This is a really good book on the paranormal, because Steven Volk, a mainstream journalist, takes the sensible and rarely used line on these topics, which is that he just doesn't know what it all represents and seeks to get beyond the usual believer/skeptic yah-boo stuff. He sees many of their arguments being conducted at the primitive emotional level of the amygdala, that's the part of the brain which deals with raw emotion such as the flight or fight response. This is perhaps a sophisticated way of suggesting that too many people on all sides in these fields think with their guts rather than their heads.
Volk was drawn into this area by his own childhood experiences of being in a 'haunted house', or at the least one plagued by very strange bangs in the night, which seemed to go on until a priest blessed the house, after which they stopped, or at least until another family moved in. He struggles to grasp at memories of this and quizzes his relatives, perhaps in the process drawing closer.
In the book he starts with the world of the Near Death Experience and the role of Elizabeth Kubler-Ross, who began collecting these stories back in the 1970s. He acknowledges that she was a very complicated character, insightful, genuinely compassionate and collected some very odd stories which people had been reluctant to talk about, yet she was "prone to exaggeration", told some very strange tales herself, and ended up as the dupe of a couple of very shady "mediums".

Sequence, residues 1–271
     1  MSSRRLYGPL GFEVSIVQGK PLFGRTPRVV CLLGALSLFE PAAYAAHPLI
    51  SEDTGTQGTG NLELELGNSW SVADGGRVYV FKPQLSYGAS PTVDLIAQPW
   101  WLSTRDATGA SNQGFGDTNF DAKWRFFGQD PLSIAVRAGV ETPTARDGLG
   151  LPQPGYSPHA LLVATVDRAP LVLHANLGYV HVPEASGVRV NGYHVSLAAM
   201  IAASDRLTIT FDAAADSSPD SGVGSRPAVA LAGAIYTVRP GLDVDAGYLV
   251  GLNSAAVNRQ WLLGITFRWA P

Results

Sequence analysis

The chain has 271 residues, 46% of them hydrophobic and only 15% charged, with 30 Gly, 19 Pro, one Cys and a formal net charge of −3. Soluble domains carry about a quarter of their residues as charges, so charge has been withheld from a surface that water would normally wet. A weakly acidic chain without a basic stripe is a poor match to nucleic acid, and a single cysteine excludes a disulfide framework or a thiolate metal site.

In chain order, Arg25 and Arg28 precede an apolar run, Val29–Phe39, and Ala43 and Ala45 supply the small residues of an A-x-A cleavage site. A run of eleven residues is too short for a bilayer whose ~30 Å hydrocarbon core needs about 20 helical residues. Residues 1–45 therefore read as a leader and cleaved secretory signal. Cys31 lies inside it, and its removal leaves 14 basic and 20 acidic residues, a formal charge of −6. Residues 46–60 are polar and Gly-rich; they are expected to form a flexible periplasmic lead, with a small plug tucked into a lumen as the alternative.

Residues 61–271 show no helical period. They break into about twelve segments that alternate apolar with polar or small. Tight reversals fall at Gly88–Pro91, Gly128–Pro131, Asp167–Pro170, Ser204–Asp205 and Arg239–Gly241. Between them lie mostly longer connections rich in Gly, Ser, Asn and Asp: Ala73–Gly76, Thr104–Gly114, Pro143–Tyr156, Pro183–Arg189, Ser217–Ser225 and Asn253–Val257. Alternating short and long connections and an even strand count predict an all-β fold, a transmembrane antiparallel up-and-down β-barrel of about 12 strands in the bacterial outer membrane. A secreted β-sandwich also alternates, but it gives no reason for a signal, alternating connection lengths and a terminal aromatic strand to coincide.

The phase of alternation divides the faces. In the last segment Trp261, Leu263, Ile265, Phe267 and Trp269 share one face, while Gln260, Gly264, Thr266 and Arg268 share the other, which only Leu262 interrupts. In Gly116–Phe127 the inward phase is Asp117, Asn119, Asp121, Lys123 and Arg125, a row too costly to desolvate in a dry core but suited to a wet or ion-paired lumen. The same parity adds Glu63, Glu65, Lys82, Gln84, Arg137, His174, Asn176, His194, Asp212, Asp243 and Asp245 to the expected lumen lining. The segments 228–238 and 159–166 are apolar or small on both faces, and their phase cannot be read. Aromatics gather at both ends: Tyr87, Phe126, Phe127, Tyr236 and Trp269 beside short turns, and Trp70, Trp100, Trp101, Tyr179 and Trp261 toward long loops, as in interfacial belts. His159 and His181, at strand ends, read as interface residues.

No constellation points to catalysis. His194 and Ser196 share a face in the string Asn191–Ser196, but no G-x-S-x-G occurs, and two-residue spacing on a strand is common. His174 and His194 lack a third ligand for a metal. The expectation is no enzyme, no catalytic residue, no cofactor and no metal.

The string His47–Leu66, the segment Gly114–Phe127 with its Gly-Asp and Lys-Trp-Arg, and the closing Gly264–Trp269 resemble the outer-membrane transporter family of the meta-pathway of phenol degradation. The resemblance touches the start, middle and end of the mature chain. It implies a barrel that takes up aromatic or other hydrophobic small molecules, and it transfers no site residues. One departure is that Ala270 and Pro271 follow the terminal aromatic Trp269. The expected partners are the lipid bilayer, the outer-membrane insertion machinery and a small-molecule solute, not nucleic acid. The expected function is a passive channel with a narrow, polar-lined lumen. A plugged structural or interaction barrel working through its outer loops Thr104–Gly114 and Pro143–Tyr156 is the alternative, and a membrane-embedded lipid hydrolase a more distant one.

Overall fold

From this he enters the world of academic parapsychology where he encounters many of the complications and claims and counter claims, but also finds many of the actual working parapsychologists are pretty feet on the ground people who disclaim making grand metaphysical claims. It is perhaps a pity that they tend not to be the ones who write the popular books on the subject. He looks at a whole range of topics such as the famous military remote viewing experiments, as well as some of the other disputed claims
He then interviews Dr Stuart Hameroff an anaesthetist who has collaborated with Roger Penrose in presenting a theory of consciousness based on quantum effects in the microtubials in the brain. This is a controversial idea to say the least, even without Hameroff's extension of theory to argue for the possibility of some kind of perhaps transient survival of consciousness after death. To be honest I cannot see how the evocation of quantum processes makes the 'hard problem of consciousness' any easier. In it is surely no more or less easy or difficult to imagine how consciousness could emerge from quantum processes than from the actions of neurones.
There is an amusing account of Hameroff addressing a conference in which Richard Dawkins was in the audience, Dawkins's blood pressure clearly rising to the point where he was in danger of having a stroke.